Cinematic Renaissance in Spanish Film

We're proud to be a small part of this cinematic renaissance, and are grateful to Spanish cinema for all the pleasure it continues to give our audiences.
This post was published on the now-closed HuffPost Contributor platform. Contributors control their own work and posted freely to our site. If you need to flag this entry as abusive, send us an email.

Over the twenty years of its existence, New York City's annual Spanish Cinema Now series has come to serve as the American showcase for vibrant, thought-provoking films in Spanish cinema. A new generation of comic filmmakers first met American audiences with our longest-running series at Film Society of Lincoln Center: Alex de la Iglesias, Santiago Segura, Ventura Pons, and Daniel Sanchez Arevalo, among others. Female directors, such as Iciar Bolain, Gracia Querejta, Helena Taberna and Isabel Coixet, have been prominently featured, as have the new approaches to classic genres as seen in the films of Nacho Vigalondo, Jaume Balaguer, and Javier Gutierrez. Spanish Cinema Now has also provided the occasion for retrospective homages to artists ranging from directors Carlos Saura, Victor Erice and Manuel Gutierrez Aragon to actors such as Javier Bardem and Javier Camera.

Back in the Eighties, before I was working at Lincoln Center, I would come to New York from Chicago (where I was living) to attend Spanish film week organized by the Spanish Ministry of Culture. My good friend, Carmelo Romero, head of international film promotion for the Ministry in those years, organized these shows, which took place in various cinemas around town that had been rented for the occasion. After I got my Lincoln Center job, I told Carmelo that as soon as our new cinema--a place that was to be called the Walter Reade Theater--would be up and running, I'd be delighted to host the Spanish film week. We made a date to have our first collaboration in the fall of 1989, just after the Walter Reade was scheduled to open (September 1989).

New York building projects being what they are, the Walter Reade didn't open in fact until December 1991, but every time I saw Carmelo I'd renew my promise. Finally, after some negotiation, we agreed on October 1992, to be the launch of our first series. Dramatically titled "Out of the Ashes," this first Lincoln Center Spanish show proved a great success, introducing audiences to films such as Bogas Luna's JAMON JAMON (as well as to Penelope Cruz and Javier Bardem in that film), and Carlos Saura's marvelous dance film SEVILLANAS. Encouraged, we decided we'd repeat our collaboration the next year, only we'd move the series into early December, and it's remained there ever since.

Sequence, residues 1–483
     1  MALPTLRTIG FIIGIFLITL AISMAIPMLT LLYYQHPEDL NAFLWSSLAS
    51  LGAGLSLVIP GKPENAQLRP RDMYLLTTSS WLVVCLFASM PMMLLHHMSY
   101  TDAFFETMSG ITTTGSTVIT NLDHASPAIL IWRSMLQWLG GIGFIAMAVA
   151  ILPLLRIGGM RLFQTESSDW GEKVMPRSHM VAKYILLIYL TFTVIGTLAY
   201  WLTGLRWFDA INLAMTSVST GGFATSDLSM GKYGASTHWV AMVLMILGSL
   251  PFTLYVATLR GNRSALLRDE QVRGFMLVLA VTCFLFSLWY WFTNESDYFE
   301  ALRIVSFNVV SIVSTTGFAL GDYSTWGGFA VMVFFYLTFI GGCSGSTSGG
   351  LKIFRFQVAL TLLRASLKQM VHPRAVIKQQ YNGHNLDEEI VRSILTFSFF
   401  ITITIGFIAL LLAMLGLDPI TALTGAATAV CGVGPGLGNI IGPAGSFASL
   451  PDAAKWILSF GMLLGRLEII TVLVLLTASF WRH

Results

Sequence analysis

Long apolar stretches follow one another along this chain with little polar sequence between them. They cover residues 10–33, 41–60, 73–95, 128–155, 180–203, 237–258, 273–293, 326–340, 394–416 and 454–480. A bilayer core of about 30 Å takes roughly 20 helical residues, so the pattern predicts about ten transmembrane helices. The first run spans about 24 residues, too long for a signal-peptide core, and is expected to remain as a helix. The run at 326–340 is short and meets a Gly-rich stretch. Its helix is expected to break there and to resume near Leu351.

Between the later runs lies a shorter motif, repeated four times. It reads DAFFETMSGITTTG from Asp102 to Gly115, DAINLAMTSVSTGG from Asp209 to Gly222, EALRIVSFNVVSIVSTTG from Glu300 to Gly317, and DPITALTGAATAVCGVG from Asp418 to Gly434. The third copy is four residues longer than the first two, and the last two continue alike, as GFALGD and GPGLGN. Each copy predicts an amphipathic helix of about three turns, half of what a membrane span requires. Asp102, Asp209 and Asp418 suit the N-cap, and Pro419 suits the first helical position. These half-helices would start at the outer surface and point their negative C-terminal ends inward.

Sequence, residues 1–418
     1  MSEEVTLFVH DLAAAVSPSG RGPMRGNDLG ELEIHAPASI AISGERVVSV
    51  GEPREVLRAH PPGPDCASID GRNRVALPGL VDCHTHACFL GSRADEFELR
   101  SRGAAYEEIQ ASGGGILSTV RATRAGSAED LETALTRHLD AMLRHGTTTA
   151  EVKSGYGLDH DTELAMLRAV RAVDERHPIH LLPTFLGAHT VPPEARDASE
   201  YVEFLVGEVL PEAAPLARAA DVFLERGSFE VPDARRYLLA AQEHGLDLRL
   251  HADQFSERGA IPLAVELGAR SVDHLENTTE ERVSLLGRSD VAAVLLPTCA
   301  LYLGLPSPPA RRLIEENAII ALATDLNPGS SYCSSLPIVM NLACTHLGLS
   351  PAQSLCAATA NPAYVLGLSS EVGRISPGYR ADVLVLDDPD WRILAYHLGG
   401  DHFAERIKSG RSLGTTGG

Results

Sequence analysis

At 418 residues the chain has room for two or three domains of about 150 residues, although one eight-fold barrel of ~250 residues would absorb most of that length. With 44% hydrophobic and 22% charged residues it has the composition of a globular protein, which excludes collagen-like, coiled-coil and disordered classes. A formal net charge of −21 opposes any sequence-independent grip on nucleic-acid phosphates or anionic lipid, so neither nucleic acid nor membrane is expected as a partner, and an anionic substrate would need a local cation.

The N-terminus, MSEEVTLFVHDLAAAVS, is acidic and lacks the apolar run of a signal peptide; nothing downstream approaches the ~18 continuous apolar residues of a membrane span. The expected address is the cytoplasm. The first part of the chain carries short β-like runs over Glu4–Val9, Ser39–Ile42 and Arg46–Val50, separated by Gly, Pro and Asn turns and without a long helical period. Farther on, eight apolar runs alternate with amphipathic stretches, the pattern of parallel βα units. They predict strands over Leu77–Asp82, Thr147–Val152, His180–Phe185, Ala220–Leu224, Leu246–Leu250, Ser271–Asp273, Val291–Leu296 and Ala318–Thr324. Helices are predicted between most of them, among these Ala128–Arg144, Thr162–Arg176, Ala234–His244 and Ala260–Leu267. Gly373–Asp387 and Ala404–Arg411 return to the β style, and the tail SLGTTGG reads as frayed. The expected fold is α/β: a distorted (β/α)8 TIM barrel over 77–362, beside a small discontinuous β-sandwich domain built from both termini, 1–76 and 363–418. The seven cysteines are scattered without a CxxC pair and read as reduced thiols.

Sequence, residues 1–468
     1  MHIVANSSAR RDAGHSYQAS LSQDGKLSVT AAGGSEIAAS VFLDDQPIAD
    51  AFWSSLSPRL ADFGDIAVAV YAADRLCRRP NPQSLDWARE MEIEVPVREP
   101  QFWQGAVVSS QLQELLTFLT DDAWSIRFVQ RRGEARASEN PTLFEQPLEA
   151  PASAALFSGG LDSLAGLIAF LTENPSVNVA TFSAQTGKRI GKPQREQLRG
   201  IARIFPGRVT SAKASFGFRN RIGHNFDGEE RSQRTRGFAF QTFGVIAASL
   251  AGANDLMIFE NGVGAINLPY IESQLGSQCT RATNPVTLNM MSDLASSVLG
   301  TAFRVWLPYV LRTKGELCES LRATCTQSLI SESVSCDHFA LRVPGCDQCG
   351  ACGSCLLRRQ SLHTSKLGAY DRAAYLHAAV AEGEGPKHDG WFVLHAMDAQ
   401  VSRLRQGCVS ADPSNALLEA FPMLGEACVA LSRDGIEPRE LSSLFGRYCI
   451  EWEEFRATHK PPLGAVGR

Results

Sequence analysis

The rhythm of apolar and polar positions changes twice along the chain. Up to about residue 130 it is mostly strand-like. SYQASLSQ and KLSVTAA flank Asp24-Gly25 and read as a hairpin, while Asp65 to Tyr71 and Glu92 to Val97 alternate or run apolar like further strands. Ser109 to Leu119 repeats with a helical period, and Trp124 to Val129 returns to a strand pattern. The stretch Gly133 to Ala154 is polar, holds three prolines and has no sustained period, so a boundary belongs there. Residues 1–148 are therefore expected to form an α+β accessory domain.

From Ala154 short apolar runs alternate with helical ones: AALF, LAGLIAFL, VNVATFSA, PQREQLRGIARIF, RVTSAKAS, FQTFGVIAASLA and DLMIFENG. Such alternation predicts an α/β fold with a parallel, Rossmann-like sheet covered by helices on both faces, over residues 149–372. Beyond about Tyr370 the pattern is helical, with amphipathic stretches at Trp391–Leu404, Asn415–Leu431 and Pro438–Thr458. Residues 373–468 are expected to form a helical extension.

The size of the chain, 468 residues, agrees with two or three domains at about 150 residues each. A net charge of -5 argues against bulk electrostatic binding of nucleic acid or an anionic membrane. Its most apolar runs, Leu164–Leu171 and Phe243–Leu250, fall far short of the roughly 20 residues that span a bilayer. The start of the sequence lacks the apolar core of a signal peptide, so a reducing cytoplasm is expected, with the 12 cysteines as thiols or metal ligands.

Together, Spanish cinema and the Film Society have taken quite a journey. When the series began in 1992, Spanish cinema was at a particularly low point: production was down to 40 films a year (down from highs of almost 200 in the Seventies), and Spanish cinema could not even claim ten percent of its domestic box office. The older, established generation of filmmakers had perhaps lost touch with Spanish audiences, especially younger audiences; raised in the shadow of Franco, this generation of filmmakers specialized in a somewhat closed, allegorical cinema, used as it was to hiding messages and themes from the censors. Yet the new generation was all about openness, about putting it out there, and there was no greater symbol of this than the one Spanish filmmaker who continued to enjoy growing international success in these years: Pedro Almodóvar, who once went so far as to claim that he made films "as if Franco had never existed."

In the twenty years since the founding of Spanish Cinema Now (Film Society of Lincoln Center's longest-running series), Spanish Cinema has continued to struggle to both maintain its domestic box office as well as to establish expanded markets around the world, yet there can be little doubt of its importance today--both as a source for talented directors and actors, as well as one of the most aesthetically provocative cinema anywhere.

We're proud to be a small part of this cinematic renaissance, and are grateful to Spanish cinema for all the pleasure it continues to give our audiences.

Film Society of Lincoln Center's Spanish Cinema Now series is currently celebrating 20 years with an exciting lineup of films, shorts, documentaries and a tribute to the late great director Luis García Berlanga, all currently playing at Walter Reade Theater until December 22. Visit for schedule, tickets and information.

Go To Homepage

Before You Go

Popular in the Community